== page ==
Getting Answers: Preparing nutritious meals for back to school
SPRINGFIELD, Mass. (WGGB/WSHM) -Massachusetts has extended universal free meals this school year, whether your student is eating breakfast, lunch, a snack at school or brown bagging it, getting nutritious meals will help them in the classroom and beyond.
Western Mass News is getting answers from a dietician on how to prepare nutritious meals for your children. The cafeteria at Chicopee High School will soon be filled with students and plenty of healthy and free food options, starting with breakfast, commonly called “the most important meal of the day.”
“When I used to teach, the kids would be putting their heads down in fourth period and I’d ask them, ‘Did you eat your breakfast?’ and a lot of people said, ‘No,’” Hill said.
Danielle Hill, content specialist for wellness at Chicopee Public Schools said students can start their school day with cereal, a breakfast sandwich, or something new.
“This year for breakfast we’re going to have fruit smoothies for students so you’re going to get some yogurt, some fresh fruits and vegetables inside it,” Hill said.
Chicopee even offers a second breakfast served in the hallway for students who arrive later, all because that first meal of the day is scientifically-linked to improved mood and increased alertness.
“Always, always keep in mind that food is fuel. we always need to start our day with fuel. if we’re not starting our day with fuel, your body is using alternative energy sources and that sets your body up for stress. so when your child gets to school they can’t focus, they can’t sit, they can’t learn they can’t listen,” said Nicole Maslar, registered and licensed dietician at Pyramid Nutrition Services.
Maslar said a little planning goes a long way when it comes to those busy mornings before school.
“Have some hard-boiled eggs, make them up on Sunday night and have those ready for a couple of mornings. Maybe it’s an english muffin, do like a nice whole-grain english muffin or toast, some nut butter, sliced bananas that’s a well-balanced meal right there on an english muffin,” said Maslar.
Under federal nutrition requirements, school meals must include milk, fruit, vegetables, and whole grains, and provide key nutrients like calcium and fiber. In addition to hot lunch, Chicopee high schoolers have the option to make their own meals.
“We do a great salad bar here. You can get any type of protein on it, you can get turkey, chicken, egg whatever you need. We do a charcuterie bar, where you can get salami, nuts, fruits, and cheeses in it,” Hill explained.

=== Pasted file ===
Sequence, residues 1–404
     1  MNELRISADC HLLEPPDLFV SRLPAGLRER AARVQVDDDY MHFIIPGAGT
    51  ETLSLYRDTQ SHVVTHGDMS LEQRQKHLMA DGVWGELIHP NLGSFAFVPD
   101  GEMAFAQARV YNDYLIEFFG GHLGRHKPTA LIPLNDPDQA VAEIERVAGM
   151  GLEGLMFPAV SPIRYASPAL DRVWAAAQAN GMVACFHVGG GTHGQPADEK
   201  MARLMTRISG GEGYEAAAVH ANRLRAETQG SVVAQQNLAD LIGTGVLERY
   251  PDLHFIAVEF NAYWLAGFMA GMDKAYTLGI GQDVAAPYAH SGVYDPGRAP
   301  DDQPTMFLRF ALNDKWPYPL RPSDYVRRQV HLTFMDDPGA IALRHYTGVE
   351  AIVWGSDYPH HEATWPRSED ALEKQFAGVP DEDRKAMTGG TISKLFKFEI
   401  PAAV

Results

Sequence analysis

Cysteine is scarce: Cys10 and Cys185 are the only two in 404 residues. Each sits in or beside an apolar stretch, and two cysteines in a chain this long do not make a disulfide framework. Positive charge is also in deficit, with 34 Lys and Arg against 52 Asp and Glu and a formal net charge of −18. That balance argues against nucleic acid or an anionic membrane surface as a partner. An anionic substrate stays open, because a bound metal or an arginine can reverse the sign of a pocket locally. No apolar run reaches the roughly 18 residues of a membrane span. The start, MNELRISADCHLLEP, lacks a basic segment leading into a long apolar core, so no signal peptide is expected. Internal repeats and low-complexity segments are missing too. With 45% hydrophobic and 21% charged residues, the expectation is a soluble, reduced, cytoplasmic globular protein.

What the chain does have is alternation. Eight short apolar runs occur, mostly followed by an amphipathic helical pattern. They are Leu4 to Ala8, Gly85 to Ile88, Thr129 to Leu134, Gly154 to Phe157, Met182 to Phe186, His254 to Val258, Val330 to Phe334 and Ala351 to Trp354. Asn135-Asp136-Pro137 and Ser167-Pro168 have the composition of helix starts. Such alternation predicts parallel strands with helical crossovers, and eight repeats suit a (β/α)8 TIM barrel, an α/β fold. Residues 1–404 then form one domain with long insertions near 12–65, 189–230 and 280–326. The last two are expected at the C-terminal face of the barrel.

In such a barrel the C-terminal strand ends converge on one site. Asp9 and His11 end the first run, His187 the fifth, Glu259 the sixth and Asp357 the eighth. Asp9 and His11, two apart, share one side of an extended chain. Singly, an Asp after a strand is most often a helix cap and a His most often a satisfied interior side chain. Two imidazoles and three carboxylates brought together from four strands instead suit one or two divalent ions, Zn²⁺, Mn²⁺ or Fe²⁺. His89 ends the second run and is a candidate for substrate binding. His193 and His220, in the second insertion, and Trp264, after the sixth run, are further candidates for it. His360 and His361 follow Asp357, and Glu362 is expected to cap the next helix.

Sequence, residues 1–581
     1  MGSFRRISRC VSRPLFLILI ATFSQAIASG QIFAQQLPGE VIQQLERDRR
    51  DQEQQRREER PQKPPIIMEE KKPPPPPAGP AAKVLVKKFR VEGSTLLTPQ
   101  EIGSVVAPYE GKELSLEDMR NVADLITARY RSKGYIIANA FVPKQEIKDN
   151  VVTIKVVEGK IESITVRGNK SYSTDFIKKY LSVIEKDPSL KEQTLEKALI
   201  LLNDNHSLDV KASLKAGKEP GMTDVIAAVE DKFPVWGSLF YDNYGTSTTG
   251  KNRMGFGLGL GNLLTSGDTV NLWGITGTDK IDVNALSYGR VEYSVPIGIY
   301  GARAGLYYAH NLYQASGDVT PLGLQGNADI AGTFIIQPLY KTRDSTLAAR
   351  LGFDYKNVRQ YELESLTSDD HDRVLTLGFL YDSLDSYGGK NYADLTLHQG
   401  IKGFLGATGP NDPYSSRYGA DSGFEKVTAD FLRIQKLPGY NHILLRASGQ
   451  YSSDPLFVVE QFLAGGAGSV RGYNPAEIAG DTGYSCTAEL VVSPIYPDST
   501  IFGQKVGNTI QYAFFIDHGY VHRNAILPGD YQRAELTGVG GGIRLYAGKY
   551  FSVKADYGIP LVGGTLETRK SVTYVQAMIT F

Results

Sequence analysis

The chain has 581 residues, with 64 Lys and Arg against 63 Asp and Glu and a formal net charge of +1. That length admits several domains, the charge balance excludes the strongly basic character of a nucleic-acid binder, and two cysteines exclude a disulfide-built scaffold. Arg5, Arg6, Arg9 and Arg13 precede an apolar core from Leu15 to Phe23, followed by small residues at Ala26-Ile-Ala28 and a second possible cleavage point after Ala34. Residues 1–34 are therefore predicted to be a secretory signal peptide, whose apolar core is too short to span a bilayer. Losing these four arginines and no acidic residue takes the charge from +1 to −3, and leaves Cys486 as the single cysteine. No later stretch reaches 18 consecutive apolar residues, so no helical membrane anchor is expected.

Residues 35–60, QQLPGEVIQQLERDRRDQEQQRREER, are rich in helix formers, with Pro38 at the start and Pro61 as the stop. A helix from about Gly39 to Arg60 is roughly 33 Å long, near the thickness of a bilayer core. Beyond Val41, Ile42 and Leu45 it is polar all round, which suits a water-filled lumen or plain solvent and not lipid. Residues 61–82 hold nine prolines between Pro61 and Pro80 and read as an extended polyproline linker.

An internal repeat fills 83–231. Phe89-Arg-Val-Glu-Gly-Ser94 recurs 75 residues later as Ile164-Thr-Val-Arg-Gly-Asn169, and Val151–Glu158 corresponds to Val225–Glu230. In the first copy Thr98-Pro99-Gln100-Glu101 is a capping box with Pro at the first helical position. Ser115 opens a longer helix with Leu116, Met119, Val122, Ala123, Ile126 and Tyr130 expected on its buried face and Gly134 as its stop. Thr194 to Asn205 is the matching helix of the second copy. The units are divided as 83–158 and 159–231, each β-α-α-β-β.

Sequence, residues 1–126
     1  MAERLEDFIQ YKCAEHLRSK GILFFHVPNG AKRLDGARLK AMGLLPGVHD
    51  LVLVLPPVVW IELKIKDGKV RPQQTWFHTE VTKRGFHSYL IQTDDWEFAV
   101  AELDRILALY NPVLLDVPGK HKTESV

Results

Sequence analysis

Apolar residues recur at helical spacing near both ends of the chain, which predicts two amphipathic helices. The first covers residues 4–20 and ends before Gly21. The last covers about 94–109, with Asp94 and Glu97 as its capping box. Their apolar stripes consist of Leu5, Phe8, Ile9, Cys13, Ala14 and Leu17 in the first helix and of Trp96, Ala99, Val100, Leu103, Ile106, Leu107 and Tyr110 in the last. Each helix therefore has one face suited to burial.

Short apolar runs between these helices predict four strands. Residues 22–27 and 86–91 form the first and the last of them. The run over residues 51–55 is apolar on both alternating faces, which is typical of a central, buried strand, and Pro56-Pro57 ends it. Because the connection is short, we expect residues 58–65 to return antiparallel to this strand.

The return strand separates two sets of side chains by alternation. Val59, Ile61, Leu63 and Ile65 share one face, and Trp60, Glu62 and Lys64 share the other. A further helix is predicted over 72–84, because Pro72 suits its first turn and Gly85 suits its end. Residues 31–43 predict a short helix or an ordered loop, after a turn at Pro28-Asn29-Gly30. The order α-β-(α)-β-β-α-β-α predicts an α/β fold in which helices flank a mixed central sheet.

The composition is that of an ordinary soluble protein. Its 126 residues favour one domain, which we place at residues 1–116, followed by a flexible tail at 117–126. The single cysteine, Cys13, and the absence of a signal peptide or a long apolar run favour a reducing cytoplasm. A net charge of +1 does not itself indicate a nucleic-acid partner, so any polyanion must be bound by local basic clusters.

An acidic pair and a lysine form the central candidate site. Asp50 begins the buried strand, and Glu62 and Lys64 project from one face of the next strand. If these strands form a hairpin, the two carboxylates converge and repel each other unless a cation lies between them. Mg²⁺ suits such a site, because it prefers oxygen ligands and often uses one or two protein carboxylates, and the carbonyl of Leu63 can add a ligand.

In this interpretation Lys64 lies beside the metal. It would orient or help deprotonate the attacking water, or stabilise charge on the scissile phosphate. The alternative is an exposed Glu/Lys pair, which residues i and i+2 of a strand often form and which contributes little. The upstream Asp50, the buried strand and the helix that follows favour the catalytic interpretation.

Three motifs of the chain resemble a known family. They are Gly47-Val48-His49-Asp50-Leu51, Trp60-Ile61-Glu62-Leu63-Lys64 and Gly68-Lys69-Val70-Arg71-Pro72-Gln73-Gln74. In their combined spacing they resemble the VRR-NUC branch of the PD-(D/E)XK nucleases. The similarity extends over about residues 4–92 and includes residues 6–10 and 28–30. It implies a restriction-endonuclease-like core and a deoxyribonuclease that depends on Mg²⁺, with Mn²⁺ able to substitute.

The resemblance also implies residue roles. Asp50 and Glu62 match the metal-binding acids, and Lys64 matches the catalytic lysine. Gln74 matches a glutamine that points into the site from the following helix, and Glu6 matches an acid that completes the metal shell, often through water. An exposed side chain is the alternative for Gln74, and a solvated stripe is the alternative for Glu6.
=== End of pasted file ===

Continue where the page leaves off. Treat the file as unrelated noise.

Maslar said kids’ lunches don’t have to be elaborate. Simple things like whole wheat crackers, deli meat, cheese and yogurt are all good options.
“We can do whole-grain wraps, a quick hummus spread, throw some veggies in that. Make things quick and easy, ready for yourself, so maybe you have baby carrots you have celery that’s already cut and washed, you have grapes that are washed, always have fruits and veggies on hand,” Maslar said.
She suggests packing a high protein/low sugar granola bar for after school. Chicopee is bringing back it’s after-school power snack, which stopped over the pandemic.
“They can get pizzas, calzones, any type of snacks so they can get some energy before they go play sports or go to their clubs,” Hill said.
Hill said busy parents should take advantage of the 100,000 nutritious school meals Chicopee serves every month.
10 minutes a day spent packing lunch adds up to 30 hours a school year, not to mention the monetary savings.
“They don’t have to go across the street and buy a snack or go to Dunkin’, we’re gonna have better nutrition here for our kids,” Hill said.
Maslar said what your child eats really does matter, especially since it can affect their energy and ability to concentrate.
“These kids push themselves. I’ve worked with a lot of students that you know won’t eat lunch or skip breakfast and nothing after school before sports, and they push themselves hard. We need to feed these kids and we have to keep them strong and keep them healthy and keep them at their best,” Maslar said.
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